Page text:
Insights about the Municipal Liquidity Facility (MLF)

The coming months of the COVID-19 crisis will continue to bring an unprecedented amount of strain on municipal budgets. Here, we review  the US Federal Reserve’s groundbreaking recent action that may provide a way to inject much-needed financial capital into cities.

On April 9, the US Federal Reserve announced that it would open a new Municipal Liquidity Facility (MLF) for states and their subdivisions, to help state and local governments manage cash flow pressures to continue serving their communities. The Federal Reserve will directly purchase bonds from state and local governments. In the second, updated term sheet released April 27th, the Fed clarified that this will be available to states, counties with populations of 500,000 or more, and cities with populations of 250,000 or more.

Robert Hockett, an economist, Cornell professor, and former employee at the Federal Reserve Bank of New York and IMF, shared that there may be actions cities can take even if they – like the majority of cities across the country – do not meet the defined population thresholds. Professor Hockett explained that this new MLF essentially “deputizes” municipalities to respond to the pandemic as if they were federal agencies. This action is unprecedented and a significant shift from past practice – and brings critical new opportunities for cities. Professor Hockett has written a three-phase “game plan” for states and cities that encourages governing bodies to convene immediately to discuss how to engage with the MLF; you can read more about his plan here.

So what do cities need to know and do right now to position themselves to take advantage of this new program?

Things to know

Engage with your regional Federal Reserve

The regional federal reserve branches will act as liaisons between municipalities and the Federal Reserve. Because of this, all cities should immediately engage with the Public Affairs Office of their regional branch to express their interest in this program. This signals to the regional branches that they need to stay engaged in this process and communicate effectively with local governments as the process moves forward. Cities can request that information be shared through public engagement processes, such as virtual town halls, for regional offices to share information, and for cities to provide feedback on the program.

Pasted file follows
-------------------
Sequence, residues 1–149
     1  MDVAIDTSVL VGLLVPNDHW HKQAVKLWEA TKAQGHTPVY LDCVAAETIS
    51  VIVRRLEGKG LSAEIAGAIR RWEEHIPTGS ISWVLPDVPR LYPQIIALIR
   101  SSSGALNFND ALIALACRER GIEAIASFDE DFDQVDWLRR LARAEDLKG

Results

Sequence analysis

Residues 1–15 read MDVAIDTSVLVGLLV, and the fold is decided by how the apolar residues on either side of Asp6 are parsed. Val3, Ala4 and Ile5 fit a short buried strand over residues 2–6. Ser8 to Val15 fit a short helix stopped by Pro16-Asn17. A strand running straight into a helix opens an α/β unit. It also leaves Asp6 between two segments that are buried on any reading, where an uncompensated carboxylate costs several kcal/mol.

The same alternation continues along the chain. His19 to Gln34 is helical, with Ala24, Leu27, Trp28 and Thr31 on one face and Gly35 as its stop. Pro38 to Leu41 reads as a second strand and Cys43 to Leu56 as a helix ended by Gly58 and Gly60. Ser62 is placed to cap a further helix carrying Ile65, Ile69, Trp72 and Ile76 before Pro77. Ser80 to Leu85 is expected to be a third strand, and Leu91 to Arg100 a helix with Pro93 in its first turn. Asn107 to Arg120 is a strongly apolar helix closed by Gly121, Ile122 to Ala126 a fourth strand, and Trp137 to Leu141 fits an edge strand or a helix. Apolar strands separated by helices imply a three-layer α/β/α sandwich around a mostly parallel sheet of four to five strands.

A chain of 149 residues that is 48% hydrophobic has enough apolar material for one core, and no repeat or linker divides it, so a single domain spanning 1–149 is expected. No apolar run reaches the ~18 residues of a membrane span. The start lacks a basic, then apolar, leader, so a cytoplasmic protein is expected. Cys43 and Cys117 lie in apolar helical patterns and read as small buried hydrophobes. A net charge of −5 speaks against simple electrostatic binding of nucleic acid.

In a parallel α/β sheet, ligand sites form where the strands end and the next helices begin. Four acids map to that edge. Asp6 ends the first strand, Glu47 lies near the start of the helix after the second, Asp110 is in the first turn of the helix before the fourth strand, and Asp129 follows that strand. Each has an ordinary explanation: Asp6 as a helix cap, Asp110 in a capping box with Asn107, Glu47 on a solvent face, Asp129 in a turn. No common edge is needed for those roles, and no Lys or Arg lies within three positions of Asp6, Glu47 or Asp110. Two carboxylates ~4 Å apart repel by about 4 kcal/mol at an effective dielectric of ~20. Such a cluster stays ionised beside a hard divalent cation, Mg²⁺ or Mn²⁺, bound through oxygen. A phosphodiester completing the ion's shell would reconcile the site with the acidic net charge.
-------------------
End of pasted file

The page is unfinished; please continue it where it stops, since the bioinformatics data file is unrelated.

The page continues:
Beyond these immediate next steps, the regional agencies will be a key resource for cities moving ahead with this program. The rules and implementation of this are still in development. Cities forming strong connections with regional Fed branches is thus even more important. There is a tremendous opportunity for local governments to weigh in on how the program rolls out.

Consider what could be treated as anticipated revenue

Cities should begin to think creatively about what might be treated as anticipated revenue. This new program uses a very broad definition of revenue that allows for creativity on the part of municipalities. Cities could create projects and mitigation efforts to meet their greatest needs without depending on traditional revenue sources like property and sales taxes. To generate ideas, city leaders should engage their department heads and community partners who serve traditionally marginalized or vulnerable populations.

Partner with other municipalities

While the population thresholds for cities and counties were lowered from the first to the second term sheet, they are still quite high for the majority of US cities. However, according to Professor Hockett, there could be great opportunities for cities under 250,000 to partner with other municipalities. This could be within one county, to be able to meet the 500,000 population per county threshold; or this could be through collaboration with other municipalities in your state or region to participate as a combined entity.

What to do immediately

  1. If your city has a population of 250,000 or more: begin engaging with your regional branch of the Federal Reserve now, with the asks above.
  2. If your city has a population of less than 250,000: explore your options for local or regional partnership, and begin connecting with other municipalities.

The Mayors Innovation Project will continue to monitor this rapidly evolving program and bring you the latest updates on how you can use it in your city.

Additional resources

Federal Reserve Board announces an expansion of the scope and duration of the Municipal Liquidity Facility

New York Times: Fed Gearing Up to Help Smaller Local Governments

Forbes: Welcome To Community QE – Now Let Us Put It To Use